Accordingly to Ricky M. Gribling, the author of Smoking Food (Hyland House, 1997), there was a time when 'a good supply of smoked food often meant the difference between life and death... [and] the only method of storing meat successfully was to brine and smoke it.' Nowadays, it's a something of an art form and a Canberra-based duo, Charlie Costelloe and Peter Curry (pictured), have earned a swag of medals for their boutique smokehouse, Pialligo Farm at the Pialligo Estate vineyard.
Peter and I first tasted the Pialligo Farm product range at the Capital Region Farmer's Market. Readers of Good Things took a liking to the salad I created using Pialligo Farm free range breast of smoked duck, with local truffle, Riverina blood oranges and walnuts from the Victorian high country. This was certainly the best smoked duck we'd ever tasted, so it was no surprise to learn that it took out a Gold medal at the Hobart Fine Food Show this year.
Messrs Costelloe and Curry met last year in Cork, Ireland, through a mutual friend. Charlie Costelloe, Manager of Pialligo Estate, has been in Australia for about 18 months. Originally from Dublin, he has worked in the catering industry since he was 13 years old. Peter Curry is a chef by trade, also started work in the food industry in his homeland of Ireland at the age of 13. He worked with French chefs who taught him about charcuterie. Both have a passion for good food... and good Irish bacon (!). The rest, they tell me, is history.
Using Charlie's traditional Irish recipe, they prepare dry cured and smoked bacon, and cured hams (from free range pork), hot and cold smoked salmon, Gravalax, smoked ocean trout, smoked duck breast and smoked chicken. Their multi-award winning range also includes smoked eel, Irish whisky smoked salmon, honey glazed hot smoked salmon, Toulouse sausage, confit duck and gourmet baked beans. French oak wine barrels once used at Pialligo and other local vineyards have been recycled into smoking chips.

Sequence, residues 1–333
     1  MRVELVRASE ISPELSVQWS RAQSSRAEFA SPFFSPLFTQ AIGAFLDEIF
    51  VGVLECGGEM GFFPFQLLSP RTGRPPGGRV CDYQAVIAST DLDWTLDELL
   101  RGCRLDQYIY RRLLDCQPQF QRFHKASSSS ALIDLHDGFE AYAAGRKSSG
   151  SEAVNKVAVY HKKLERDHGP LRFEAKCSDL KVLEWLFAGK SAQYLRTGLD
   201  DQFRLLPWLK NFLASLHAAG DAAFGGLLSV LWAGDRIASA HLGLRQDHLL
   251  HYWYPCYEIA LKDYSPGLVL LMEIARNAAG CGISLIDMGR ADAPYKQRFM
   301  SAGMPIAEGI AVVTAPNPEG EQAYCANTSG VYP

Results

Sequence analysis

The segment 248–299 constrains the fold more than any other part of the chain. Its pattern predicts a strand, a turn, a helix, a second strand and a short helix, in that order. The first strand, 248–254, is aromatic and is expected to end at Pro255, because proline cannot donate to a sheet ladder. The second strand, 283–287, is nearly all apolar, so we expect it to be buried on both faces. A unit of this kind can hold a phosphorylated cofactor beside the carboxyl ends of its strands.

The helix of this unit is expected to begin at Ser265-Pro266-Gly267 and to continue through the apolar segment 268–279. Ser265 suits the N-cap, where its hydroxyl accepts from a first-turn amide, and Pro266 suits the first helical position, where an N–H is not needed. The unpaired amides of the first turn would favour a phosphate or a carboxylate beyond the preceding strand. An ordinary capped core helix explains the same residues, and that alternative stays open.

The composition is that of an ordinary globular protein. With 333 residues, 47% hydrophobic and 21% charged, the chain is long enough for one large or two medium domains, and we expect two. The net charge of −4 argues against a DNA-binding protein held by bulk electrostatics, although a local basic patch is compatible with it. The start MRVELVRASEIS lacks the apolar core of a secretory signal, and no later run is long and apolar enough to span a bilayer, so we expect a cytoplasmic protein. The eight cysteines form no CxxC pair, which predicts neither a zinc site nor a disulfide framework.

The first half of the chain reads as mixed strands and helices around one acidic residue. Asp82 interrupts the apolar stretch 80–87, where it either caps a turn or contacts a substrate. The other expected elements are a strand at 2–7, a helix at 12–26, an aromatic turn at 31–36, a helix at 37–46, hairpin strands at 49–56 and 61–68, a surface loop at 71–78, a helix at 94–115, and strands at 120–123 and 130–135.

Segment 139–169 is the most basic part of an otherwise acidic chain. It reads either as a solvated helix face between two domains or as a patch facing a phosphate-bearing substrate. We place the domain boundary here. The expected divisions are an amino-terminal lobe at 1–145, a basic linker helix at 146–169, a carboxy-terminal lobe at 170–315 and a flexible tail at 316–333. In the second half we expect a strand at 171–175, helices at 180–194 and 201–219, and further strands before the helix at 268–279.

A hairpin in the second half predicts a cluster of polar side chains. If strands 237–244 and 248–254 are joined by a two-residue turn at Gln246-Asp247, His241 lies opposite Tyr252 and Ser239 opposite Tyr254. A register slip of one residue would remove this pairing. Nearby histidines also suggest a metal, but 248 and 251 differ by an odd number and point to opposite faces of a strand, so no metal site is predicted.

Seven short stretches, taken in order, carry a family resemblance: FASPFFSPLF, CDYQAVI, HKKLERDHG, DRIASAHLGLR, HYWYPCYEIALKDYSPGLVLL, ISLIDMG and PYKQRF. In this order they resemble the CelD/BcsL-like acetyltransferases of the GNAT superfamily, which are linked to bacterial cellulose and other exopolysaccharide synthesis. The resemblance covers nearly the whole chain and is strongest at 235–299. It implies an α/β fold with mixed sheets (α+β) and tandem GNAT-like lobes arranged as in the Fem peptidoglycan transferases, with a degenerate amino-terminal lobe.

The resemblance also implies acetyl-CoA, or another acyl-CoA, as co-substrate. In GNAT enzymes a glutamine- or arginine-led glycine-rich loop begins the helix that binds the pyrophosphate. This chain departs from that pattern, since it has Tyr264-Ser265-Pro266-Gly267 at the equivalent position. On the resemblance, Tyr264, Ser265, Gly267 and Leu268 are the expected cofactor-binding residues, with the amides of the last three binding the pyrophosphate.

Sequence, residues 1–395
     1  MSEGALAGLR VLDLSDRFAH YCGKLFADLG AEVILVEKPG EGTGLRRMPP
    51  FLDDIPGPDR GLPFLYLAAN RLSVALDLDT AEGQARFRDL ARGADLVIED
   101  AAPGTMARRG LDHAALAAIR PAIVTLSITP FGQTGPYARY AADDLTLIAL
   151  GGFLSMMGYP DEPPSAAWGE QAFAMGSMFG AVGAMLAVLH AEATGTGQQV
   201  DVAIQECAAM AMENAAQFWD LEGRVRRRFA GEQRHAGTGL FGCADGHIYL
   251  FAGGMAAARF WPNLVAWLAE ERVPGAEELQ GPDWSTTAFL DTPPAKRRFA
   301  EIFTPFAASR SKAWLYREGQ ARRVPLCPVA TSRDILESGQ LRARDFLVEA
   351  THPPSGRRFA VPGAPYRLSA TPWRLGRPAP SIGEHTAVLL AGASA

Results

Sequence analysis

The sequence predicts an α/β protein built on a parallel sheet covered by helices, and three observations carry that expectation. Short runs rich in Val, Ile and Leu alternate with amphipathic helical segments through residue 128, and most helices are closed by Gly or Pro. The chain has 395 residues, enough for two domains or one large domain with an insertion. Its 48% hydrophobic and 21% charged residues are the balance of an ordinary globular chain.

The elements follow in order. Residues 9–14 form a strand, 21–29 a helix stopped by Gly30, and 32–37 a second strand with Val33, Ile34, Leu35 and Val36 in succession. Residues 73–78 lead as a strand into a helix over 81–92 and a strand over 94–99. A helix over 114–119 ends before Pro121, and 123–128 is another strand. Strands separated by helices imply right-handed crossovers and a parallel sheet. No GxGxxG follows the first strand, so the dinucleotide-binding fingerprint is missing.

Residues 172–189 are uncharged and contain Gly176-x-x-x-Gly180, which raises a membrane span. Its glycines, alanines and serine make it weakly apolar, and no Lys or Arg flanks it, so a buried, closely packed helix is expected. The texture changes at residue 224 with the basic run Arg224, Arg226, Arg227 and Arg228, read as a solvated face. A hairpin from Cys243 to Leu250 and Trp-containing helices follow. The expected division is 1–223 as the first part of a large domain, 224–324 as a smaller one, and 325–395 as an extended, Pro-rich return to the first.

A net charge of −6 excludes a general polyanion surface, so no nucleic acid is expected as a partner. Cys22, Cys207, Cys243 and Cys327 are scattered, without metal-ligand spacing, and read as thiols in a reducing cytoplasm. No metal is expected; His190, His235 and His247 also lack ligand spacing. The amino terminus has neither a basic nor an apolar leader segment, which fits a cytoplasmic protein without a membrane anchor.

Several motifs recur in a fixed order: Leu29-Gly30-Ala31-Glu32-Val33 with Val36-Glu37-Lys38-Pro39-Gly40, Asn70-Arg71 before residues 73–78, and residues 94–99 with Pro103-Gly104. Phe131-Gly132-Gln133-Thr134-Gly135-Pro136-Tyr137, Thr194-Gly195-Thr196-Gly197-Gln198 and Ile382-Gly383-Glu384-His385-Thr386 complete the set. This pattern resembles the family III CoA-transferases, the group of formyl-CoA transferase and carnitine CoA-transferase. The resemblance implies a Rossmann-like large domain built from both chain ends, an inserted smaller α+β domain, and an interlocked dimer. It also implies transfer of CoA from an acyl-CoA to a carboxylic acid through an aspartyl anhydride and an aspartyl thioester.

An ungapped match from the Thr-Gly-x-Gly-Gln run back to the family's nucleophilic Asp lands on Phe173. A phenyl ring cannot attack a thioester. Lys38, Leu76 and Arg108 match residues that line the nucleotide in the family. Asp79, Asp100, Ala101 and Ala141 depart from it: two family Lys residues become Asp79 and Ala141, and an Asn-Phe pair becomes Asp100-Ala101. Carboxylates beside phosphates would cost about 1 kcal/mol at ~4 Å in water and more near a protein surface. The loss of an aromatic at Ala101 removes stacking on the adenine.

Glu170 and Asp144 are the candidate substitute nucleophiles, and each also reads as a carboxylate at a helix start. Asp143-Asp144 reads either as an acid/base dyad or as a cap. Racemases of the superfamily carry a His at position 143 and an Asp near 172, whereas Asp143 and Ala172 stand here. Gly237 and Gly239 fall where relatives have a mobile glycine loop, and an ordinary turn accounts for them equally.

Plans are underway to build a new, large smokehouse and rejuvenate the property to its former market garden status. Forty varieties and over 1,000 heritage fruit trees have been planted on the farmland alongside the vineyard and olive grove, and crops will be grown to support an on-site restaurant and cellar door, which will open towards the middle of 2014.
In July, Charlie and Peter were interviewed by ABC Rural. Listen to their story here. For more information about Pialligo Estate and Pialligo Farm products, including online sales and a newsletter, visit the web site.
Tell me, do you enjoy smoked meat or fish? Have you tasted the products from Pialligo Farm? What's your favourite?
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NB: I use Australian standard measuring cups and spoons in my recipes.